Stepping into City Lunch in Lincolnton is like stepping back in time. It’s been owned and operated by the same family since 1957. There’s someone that’s been missing at City Lunch since April of this year – Brian Greer.

“This restaurant meant the world to him,” Lorna Greer, Brian’s wife, said. “He complained about working every day but he wouldn’t have it any other way. When he was sick that was all he talked about – missing his work here. This restaurant was his pride and joy.”

The last day that Brian Greer worked was January 31, the day he found out that he had lung cancer.

There’s something new, bright and shiny in front of the restaurant window. The Downtown Development Association of Lincolnton had a special bench made in memory of Brian Greer. It’s in the shape of a hot dog, which City Lunch is famous for.

“The DDA’s glad to be able to restart the bench program that they did years ago down Main Street,” DDA chair Tommy Huskey said. “We’ve got six designs to get us through the 200 block. We’ll be putting one over by where Bob’s Café used to be, we’re looking to honor the old theater up on second block, the fire department, maybe the motor company and then maybe the little boxcar diner. We’re trying to do these benches in memory of or to remember the history.”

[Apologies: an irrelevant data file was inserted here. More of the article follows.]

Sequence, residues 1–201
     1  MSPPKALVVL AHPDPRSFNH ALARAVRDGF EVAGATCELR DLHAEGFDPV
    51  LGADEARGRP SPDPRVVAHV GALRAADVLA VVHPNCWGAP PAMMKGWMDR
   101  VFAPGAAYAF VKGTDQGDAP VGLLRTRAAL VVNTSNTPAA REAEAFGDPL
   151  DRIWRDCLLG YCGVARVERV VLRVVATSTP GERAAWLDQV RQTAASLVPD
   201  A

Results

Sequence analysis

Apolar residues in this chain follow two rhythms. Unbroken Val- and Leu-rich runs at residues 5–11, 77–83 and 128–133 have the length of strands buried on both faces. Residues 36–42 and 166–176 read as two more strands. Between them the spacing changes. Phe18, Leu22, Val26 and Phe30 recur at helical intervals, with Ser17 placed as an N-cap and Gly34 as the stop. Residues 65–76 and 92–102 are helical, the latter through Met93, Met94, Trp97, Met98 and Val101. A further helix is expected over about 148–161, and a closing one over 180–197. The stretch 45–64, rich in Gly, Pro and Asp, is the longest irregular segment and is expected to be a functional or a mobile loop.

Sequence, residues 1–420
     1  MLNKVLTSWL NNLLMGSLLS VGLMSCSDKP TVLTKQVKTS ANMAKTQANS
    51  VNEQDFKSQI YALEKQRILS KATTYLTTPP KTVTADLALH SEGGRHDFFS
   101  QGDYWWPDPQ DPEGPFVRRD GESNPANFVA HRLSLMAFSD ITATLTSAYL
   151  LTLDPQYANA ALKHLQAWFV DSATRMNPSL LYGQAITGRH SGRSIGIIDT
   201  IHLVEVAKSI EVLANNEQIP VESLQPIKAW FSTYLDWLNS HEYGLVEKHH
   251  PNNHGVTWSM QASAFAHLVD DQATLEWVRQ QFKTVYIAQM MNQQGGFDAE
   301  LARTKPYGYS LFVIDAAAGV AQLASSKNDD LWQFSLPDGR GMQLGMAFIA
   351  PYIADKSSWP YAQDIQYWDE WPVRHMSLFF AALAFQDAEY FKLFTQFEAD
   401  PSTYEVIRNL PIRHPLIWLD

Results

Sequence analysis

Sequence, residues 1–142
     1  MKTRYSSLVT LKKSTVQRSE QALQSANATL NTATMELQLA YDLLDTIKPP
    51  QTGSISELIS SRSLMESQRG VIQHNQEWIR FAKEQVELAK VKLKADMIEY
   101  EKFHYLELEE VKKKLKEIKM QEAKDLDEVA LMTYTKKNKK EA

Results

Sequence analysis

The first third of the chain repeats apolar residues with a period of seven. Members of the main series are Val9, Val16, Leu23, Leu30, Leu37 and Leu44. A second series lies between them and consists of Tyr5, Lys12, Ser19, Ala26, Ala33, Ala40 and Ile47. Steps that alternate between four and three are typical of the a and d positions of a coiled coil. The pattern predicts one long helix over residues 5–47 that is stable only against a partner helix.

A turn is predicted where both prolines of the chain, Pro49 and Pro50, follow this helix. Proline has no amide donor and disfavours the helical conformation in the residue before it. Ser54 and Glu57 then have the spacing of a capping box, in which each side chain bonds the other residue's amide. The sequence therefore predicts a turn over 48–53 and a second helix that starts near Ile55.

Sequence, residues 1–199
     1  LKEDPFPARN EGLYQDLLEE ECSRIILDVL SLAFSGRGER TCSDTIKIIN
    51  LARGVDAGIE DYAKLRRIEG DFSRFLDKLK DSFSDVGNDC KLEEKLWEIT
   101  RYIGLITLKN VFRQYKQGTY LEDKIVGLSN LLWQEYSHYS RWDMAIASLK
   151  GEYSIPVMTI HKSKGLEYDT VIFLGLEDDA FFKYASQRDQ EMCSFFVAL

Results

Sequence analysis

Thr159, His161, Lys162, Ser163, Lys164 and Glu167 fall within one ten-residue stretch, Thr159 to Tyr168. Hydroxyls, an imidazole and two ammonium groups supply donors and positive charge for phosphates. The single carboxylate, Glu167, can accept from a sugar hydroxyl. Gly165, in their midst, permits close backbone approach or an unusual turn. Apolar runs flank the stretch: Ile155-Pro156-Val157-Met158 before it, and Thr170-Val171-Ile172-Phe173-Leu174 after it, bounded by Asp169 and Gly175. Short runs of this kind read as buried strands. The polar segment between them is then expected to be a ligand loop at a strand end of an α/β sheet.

Lorna Greer met Brian at City Lunch. She came there with one of Brian’s ex-girlfriends, who introduced them. 

“It was love at first sight,” she said. “I was 15 and he was 18. We were married 30 years. A lot of people wondered how we worked together for so long. We were side by side the whole time, at home, on the weekend or here. He was my best friend. I’m lost without him. My daughter’s taking his place now.”

It’s the faithful customers that Lorna Greer says have kept City Lunch going for so long. The menu is simple, a daily plate offering with meat and vegetables, hot dogs and hamburgers and barbecue on Friday. Thursday is the big day with fried chicken.

“It’s simple, nothing fancy, we just try to do a service for the community,” she said. “Brian would have been so proud of this bench sitting out in front of the restaurant. I can picture him sitting on it with a big old grin on his face.”

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